Why It Would Be So Unfair If 'I Feel Bad' Were Cancelled After Just One Season

Evans Vestal Ward/NBC

It looks like NBC's comedy lineup is in danger of losing one of its ranks. Though the network has declined to officially say whether I Feel Bad is cancelled, at least using those specific words, Entertainment Weekly reports that NBC announced the comedy "will conclude" in December. A more concrete decision on its future is supposed to be announced at a later date. As the EW article notes, most successful shows receive an order for additional episodes, and the fact that I Feel Bad didn't receive an extension might bode ill for the show.

Ratings haven't been great for the show, which stars Saraya Blue and is executive produced by Amy Poehler, and it's a shame, since is funny AF and is made by some hilariously smart women. TVSeriesFinale.com notes that there's been a steady decline of ratings in the 18-49 demographic as the season has gone on, and viewership numbers have similarly fallen. I Feel Bad only has a 27 percent positive rating on Rotten Tomatoes among critics, though the audience score is a more promising audience score of 61 percent positive, and some initial reviews on the premiere were immediately skeptical of a few aspects of the show.

Variety's Daniel D'Addario wrote that the main character's male coworkers, meant to be comedic relief, read as "less edgy than outright malicious," and that their presence takes away from the overall success of the show. TVLine's Dave Nemetz took an even more severe dislike to I Feel Bad, writing that "when it’s not burying us in an avalanche of creaky sitcom clichés, it’s creeping us out with inappropriate sex jokes." Collider's Joel Keller wrote that "despite the talent involved, I Feel Bad isn’t at all funny. And it’s not daring either, which may be even worse."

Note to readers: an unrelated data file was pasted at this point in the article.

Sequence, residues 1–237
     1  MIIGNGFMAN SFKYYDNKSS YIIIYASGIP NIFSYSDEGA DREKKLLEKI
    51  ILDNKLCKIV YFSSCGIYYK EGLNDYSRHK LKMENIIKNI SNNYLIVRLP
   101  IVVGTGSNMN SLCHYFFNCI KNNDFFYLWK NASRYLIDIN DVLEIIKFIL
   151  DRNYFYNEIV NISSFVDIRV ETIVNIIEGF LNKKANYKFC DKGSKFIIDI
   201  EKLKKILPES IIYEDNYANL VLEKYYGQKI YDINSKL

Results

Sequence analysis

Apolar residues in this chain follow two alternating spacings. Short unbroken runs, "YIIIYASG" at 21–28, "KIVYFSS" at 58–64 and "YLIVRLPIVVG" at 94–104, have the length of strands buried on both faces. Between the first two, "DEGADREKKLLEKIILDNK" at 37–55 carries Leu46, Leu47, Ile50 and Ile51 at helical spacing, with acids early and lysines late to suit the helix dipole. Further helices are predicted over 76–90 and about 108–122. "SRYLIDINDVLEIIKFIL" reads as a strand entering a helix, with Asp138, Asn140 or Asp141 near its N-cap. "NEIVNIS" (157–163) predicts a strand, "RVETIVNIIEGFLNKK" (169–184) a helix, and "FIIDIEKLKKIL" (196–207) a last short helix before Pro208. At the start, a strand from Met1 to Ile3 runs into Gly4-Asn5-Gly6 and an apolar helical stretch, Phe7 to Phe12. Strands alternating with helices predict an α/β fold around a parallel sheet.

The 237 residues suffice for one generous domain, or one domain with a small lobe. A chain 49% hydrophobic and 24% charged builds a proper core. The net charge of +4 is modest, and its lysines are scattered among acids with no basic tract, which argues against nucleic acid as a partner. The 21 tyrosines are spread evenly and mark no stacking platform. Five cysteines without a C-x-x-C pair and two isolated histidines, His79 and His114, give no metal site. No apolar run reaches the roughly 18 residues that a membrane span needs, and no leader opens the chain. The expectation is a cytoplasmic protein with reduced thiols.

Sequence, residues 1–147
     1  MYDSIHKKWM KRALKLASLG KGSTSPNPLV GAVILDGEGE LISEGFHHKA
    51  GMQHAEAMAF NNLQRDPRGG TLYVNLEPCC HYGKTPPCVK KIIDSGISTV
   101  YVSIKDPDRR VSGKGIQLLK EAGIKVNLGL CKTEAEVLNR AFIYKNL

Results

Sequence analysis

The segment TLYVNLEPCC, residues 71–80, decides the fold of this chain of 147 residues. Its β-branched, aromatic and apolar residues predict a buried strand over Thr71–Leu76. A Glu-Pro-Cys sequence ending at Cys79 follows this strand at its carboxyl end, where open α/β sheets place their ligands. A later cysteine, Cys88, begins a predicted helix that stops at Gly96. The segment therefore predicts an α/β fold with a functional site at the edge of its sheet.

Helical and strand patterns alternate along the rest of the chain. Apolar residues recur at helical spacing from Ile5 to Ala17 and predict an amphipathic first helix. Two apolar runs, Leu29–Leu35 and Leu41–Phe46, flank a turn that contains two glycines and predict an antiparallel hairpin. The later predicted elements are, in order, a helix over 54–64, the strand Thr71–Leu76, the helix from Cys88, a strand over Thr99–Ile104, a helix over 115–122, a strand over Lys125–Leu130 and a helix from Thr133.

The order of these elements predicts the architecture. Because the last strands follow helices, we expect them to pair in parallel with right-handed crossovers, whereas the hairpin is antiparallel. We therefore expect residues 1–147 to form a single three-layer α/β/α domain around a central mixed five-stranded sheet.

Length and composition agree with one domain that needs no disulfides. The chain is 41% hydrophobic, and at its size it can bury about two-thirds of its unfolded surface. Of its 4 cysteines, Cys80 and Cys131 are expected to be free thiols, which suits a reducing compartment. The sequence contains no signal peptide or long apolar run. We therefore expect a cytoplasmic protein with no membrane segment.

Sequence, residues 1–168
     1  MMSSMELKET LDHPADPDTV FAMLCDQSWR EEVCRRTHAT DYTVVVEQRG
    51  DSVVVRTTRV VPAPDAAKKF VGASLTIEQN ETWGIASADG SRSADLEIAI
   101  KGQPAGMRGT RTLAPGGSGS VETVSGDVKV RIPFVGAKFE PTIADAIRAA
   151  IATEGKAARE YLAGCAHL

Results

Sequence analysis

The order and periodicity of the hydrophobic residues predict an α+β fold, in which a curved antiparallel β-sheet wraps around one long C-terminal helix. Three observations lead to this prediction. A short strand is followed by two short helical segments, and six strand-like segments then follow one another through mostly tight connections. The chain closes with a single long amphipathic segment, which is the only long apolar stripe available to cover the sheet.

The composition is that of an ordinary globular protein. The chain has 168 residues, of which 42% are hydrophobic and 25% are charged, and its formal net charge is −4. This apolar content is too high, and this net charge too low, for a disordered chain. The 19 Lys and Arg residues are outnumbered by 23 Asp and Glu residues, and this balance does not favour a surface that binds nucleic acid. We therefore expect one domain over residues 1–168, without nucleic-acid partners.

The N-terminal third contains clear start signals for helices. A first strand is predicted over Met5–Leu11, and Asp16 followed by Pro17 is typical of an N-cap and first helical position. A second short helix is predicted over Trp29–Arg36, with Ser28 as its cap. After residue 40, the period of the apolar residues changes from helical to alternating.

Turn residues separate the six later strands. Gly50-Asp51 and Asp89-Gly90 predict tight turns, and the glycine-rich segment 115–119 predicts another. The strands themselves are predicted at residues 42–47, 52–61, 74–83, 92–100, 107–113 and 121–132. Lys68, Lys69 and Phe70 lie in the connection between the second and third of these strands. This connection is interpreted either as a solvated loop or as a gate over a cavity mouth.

It's not all doom and gloom, though — other critics are more forgiving of the show. The A.V. Club's Kate Kulzick wrote that the show and its "distinctly female perspective" serves as a "a refreshing and overdue addition to a strong recent canon." Brown Girl Magazine's review praised its use of its Indian protagonist and her parents' dynamic, saying I Feel Bad doesn't ever feel like a "token South Asian show."

Daniel Fienberg from The Hollywood Reporter wrote that though there are "superficial blemishes" on the show, "it can be graded on a curve as one of the fall's more promising broadcast offerings, a comedy with several important things going for it and some flaws that feel fixable."

It'll be a shame if I Feel Bad doesn't make it to a second season — its premise is a promising one that many women can identify with in this day and age. It follows video game artist and mother, Emet, who tries to balance all the different roles she's expected to fill in her life, and feels guilty when she doesn't get everything done. It's a timely program during an age in which these expectations are thrust upon women left and right.

Evans Vestal Ward/NBC

"Women of my generation grew up with mothers who perhaps didn’t get a chance to always fulfill what they wanted to do, right?" Poehler told the Los Angeles Times. "So a lot of women raised these very independent girls who they whispered into their ears ‘You can have it all, you can do it all." Blue agreed that I Feel Bad holds within it an important message for men and women alike to relate to. "We all feel like bad moms, or we all feel like bad wives, or we all feel like bad husbands, or bad fathers," Blue said in the same piece. "That’s really the connective tissue of this show."

So, while it doesn't look good for this newly minted series, there are people rooting for its success, and who are confident in the message it's trying to send. Its flaws could be growing pains, and if NBC gives it another shot, I Feel Bad could have the potential to remedy them.